In a perfect of marriage of millennial pop culture and modern tech, the original 1987 Teenage Mutant Ninja Turtles (TMNT) cartoon is said to be entering the NFT space this spring. @TMNTNFT dropped the news in a Twitter clip which included an animation of toxic ooze, the origin of the ninja turtles in the series. However, there is some stirring controversy over the legitimacy of this Twitter account.
In 1984 TMNT debuted as an original comic book published by Mirage Studios. While TMNT was intended as a spoof of the then popular superhero genre, the wacky premise of genetically altered ninja turtles was a surprise hit. Mirage licensed TMNT characters to Playmates Toys which sold about $1.1 billion USD of TMNT toys between 1988 and 1992. The franchise grew to include several cartoons, movies, and video games.
What’s curious is that the NFT Twitter account has no apparent affiliation with Viacom (owner of Nickelodeon/Paramount Pictures), which is believed to have bought the entirety of the TMNT franchise in 2009. Instead @TMNTNFT asserts that they own the rights to the 1987 Original Teenage Mutant Ninja Turtles cartoon, as if it is separate from Paramount Picture’s TMNT franchise. This discrepancy caused for a call out from @rugpullfinder, an account that exposes crypto scams publicly. @rugpullfinder publicly labeled the account as a scam inspiring others to delve into researching the history of the brand’s IP rights.
A Question of Verification
@TMNTNFT, which has amassed over 50 thousand followers since joining Twitter in February, responded to the fraud accusation. On Tuesday March 29th @TMNTNFT promised future verification of their ownership rights.
Let’s make it clear: we own the NFT digital rights of the Original Teenage Mutant Ninja Turtles 1987 produced by Murakami-Wolf-Swenson and IDDH (Poly Productions/Squemme).
We are all a big family but not affiliated to @RecurForever!
Spread the word! Cowabunga!
— TMNT NFT (@tmntnft) March 29, 2022
Accumulating over 300 thousand views on their announcement video, @TMNTNFT has much to gain if and when they do drop legitimate NFT’s. Thousands of excited and nostalgic cryptocurrency enthusiasts commented on their posts in support of the project. The comments turned to dismay and distrust overnight after the scam accusations came out.
Recur, pop-culture NFT producer which also produces TMNT NFT’s with IP rights from Viacom, expects that @TMNTNFT will dissolve soon. Trevor George, Co-Founder of Recur, has tweeted proposing that legal action will be taken against @TMNTNFT saying “Paramount/ViacomCBS is issuing a taking down…bye bye TMNTNFT”.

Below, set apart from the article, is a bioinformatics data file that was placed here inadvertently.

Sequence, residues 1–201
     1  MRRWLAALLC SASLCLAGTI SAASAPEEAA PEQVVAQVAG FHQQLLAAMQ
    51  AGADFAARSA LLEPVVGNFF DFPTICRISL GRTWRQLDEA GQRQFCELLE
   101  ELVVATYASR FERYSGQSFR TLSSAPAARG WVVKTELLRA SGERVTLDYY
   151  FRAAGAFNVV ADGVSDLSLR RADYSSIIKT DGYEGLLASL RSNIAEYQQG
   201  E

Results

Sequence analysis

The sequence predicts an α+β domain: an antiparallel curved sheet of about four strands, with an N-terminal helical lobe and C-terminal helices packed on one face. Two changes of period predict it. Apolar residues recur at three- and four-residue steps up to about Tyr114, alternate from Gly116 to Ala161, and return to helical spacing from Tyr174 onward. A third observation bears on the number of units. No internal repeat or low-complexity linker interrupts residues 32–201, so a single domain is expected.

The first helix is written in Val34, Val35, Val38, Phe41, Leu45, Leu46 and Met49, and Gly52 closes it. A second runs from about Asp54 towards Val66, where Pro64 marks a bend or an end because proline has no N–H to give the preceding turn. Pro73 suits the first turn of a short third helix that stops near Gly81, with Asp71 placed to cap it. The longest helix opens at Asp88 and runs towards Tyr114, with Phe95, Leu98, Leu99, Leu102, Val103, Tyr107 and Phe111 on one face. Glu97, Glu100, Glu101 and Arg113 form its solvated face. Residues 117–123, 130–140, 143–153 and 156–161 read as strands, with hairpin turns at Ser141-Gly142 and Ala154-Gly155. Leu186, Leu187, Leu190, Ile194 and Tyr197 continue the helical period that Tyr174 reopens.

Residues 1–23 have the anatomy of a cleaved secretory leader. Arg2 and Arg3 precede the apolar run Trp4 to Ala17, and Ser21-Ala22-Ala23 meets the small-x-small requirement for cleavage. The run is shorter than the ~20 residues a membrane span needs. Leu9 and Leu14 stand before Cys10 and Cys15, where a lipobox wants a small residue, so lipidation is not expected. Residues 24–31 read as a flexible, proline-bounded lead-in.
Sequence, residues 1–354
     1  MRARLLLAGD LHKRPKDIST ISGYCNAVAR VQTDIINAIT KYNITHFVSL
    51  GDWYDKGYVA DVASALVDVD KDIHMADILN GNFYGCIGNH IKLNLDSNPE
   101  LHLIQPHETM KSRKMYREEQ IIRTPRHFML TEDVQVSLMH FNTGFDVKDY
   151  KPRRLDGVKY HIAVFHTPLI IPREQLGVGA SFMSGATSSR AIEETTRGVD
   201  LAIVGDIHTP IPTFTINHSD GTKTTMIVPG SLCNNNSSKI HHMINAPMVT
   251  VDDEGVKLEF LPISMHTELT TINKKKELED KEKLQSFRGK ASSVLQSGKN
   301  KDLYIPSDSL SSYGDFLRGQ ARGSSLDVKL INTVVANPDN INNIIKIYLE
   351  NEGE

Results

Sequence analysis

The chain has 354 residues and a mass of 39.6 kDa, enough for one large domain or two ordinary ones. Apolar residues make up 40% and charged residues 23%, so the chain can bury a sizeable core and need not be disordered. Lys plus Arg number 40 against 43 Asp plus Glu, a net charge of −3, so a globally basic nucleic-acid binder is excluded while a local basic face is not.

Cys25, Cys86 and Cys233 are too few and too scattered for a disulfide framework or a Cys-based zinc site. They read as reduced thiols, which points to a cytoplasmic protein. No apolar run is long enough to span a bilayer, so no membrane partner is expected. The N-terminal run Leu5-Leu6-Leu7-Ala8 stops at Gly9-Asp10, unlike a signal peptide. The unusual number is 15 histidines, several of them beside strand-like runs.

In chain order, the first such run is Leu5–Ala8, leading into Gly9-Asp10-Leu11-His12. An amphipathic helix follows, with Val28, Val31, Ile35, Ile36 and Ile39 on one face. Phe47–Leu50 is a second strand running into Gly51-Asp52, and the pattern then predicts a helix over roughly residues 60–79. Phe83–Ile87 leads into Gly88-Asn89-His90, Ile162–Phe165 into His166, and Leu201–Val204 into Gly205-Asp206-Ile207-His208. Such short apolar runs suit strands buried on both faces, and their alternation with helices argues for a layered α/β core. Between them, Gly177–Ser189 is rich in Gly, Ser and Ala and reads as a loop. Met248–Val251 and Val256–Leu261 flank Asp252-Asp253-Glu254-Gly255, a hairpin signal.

Digital currency hacks and scams are continuously developing to exploit consumers. It seems that with each new business option there comes a slew of swindlers ready to take advantage of it. In these times it's understandable for one to be cautious of @TMNTNFT even if the accusations made by @rugpullfinder hold no water.
In fact, NFT-based battle game Axie Infinity experienced a huge hack this week that cost users millions. The Ronin Network, an Ethereum sidechain built specifically for the game, suffered a breach resulting in a loss of over $625 million in USDC and ether (ETH). Ronin is currently working with government agencies to catch the perpetrators and communicating with Axie Infinity/Sky Mavis stakeholders to ensure no user funds are permanently lost.
Making good on their promise, @TMNTNFT issued a statement on March 31st explaining how they came to own the IP rights to the original TMNT cartoon which aired from 1987-1992. They assert that their rights were acquired by Squemme Productions and Fred Wolf Film (formerly Murakami-Wolf-Swenson) and are separate from the rights owned by Viacom/Recur. The statement includes a signed letter from Barnett law firm accompanied by a Tweet from their lawyer.
Maybe No Winners?
Although this might be the original cartoon’s first advance into NFT’s, Viacom's franchise is no stranger to the game. In addition to their Recur NFT’s, TMNT and Funko partnered with WAX Digital last year to release a series of TMNT trading cards. They were sold in either packs of 5 for $9.99 or 17 for $29.99, each card varying in rarity.
These digital cards are listed all over eBay ranging from $2-$40 each. Complete and unopened packs are listed as high as $150.They appear to exist mostly as an appeal to trading card enthusiasts, TMNT fanatics, and collectors. It doesn’t look like anyone has struck it rich from these TMNT Funko NFT’s but they may continue to accrue value.
It would be a heck of a scam if @TMNTNFT was to go through the trouble of creating fake documents and continuously wrestle with NFT vigilantes online, only to steal money from investors. If in actuality it is an honest and legal NFT project, @TMNTNFT will still likely suffer a large hit to their popularity and credibility from all of the commotion.
The recent trend of crypto/NFT scammers has made people vindictive and quick to blame projects with a hint of shiftiness. There is no word yet on how Viacom will respond to this project to substantiate the threat made by Trevor George. The NFT collection from the 1987 TMNT group is still expected to drop sometime this Spring, so only time will tell of their legitimacy.
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Featured Image Courtesy of: Viacom.